A licensed special police officer for the District of Columbia. For his job, Heller carried a gun in federal office buildings, but was not allowed to have one in his home. Heller had lived in southeast D.C. near the Kentucky Courts public housing complex since 1970 and had seen the neighborhood “transformed from a child-friendly welfare complex to a drug haven”. Heller had also approached the National Rifle Association about a lawsuit to overturn the D.C. gun ban, but the NRA declined.
The court’s opinion first addressed whether appellants have standing to sue for declaratory and injunctive relief in section II (slip op. at 5–12). The court concluded that of the six plaintiffs, only Heller – who applied for a handgun permit but was denied – had standing.
The court then held that the Second Amendment “protects an individual right to keep and bear arms”, saying that the right was “premised on the private use of arms for activities such as hunting and self-defense, the latter being understood as resistance to either private lawlessness or the depredations of a tyrannical government (or a threat from abroad).” They also noted that though the right to bear arms also helped preserve the citizen militia, “the activities [the Amendment] protects are not limited to militia service, nor is an individual’s enjoyment of the right contingent upon his or her continued or intermittent enrollment in the militia.” The court determined that handguns are “Arms” and concluded that thus they may not be banned by the District of Columbia.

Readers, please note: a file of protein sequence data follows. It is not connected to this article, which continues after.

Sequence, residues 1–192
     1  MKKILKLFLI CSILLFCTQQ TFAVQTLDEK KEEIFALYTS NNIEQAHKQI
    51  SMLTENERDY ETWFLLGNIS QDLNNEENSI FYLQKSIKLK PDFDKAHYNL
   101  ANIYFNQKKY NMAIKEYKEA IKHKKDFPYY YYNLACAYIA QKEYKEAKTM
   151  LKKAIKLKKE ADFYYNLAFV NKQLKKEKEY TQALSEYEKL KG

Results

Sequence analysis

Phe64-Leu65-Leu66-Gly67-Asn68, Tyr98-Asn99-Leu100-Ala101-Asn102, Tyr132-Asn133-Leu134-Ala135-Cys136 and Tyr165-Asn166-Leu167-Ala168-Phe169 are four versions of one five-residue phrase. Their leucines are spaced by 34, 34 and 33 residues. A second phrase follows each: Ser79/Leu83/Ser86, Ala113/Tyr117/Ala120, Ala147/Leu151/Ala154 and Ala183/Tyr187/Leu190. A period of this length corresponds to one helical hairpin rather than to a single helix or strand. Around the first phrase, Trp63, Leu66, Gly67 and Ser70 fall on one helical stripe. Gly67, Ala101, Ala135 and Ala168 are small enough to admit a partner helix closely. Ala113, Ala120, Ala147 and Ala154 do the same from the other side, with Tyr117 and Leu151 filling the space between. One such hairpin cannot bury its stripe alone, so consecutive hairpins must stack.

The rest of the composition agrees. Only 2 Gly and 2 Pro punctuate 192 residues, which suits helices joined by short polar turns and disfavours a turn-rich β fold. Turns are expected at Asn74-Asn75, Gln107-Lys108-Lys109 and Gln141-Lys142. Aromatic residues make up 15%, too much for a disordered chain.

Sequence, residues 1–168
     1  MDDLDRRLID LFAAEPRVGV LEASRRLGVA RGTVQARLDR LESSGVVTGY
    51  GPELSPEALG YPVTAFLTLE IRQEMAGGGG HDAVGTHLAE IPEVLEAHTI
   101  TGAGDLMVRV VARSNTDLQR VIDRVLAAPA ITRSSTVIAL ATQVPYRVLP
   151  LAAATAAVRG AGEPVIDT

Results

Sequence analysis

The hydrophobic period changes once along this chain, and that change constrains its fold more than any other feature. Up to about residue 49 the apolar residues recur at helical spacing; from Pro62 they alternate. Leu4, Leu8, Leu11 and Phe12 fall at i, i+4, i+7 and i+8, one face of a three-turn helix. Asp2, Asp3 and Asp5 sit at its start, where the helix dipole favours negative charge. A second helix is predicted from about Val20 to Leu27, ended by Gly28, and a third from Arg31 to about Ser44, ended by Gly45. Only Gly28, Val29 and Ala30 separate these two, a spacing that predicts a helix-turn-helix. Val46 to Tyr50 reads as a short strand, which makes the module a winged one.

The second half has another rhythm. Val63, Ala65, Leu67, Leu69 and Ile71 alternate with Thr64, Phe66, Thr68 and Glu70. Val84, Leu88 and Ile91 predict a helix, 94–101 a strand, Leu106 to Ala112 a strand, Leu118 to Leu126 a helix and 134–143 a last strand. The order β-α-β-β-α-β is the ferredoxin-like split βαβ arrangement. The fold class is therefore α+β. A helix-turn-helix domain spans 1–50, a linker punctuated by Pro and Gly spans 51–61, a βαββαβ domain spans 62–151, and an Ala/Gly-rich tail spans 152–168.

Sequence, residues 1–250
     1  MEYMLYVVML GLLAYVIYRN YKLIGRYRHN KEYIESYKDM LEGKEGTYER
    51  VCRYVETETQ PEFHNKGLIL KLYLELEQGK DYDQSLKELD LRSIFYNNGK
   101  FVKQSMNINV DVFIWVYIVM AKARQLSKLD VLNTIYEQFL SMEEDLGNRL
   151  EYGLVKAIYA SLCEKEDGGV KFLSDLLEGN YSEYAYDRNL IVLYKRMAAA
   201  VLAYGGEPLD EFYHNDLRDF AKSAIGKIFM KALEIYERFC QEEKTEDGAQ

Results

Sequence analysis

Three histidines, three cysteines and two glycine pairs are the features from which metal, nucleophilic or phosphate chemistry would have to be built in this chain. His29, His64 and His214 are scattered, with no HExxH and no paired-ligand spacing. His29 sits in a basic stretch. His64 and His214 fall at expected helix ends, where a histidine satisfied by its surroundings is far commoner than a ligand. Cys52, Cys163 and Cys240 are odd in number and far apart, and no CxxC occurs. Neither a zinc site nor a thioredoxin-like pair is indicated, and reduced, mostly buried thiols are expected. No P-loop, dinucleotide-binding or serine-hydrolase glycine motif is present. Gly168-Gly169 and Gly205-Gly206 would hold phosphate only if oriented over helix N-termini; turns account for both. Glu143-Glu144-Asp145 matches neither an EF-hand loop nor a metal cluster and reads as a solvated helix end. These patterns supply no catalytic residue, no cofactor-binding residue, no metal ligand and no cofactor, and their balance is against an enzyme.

The court also struck down the portion of the law that requires all firearms including rifles and shotguns be kept “unloaded and disassembled or bound by a trigger lock.” The District argued that there is an implicit self-defense exception to these provisions, but the D.C. Circuit rejected this view, saying that the requirement amounted to a complete ban on functional firearms and prohibition on use for self-defense:
Section 7-2507.02, like the bar on carrying a pistol within the home, amounts to a complete prohibition on the lawful use of handguns for self-defense. As such, we hold it unconstitutional.
In her dissent, Circuit Judge Henderson stated that Second Amendment rights did not extend to residents of Washington D.C., writing:
To sum up, there is no dispute that the Constitution, case law and applicable statutes all establish that the District is not a State within the meaning of the Second Amendment. Under United States v. Miller, 307 U.S. at 178, the Second Amendment’s declaration and guarantee that “the right of the people to keep and bear Arms, shall not be infringed” relates to the Militia of the States only. That the Second Amendment does not apply to the District, then, is, to me, an unavoidable conclusion.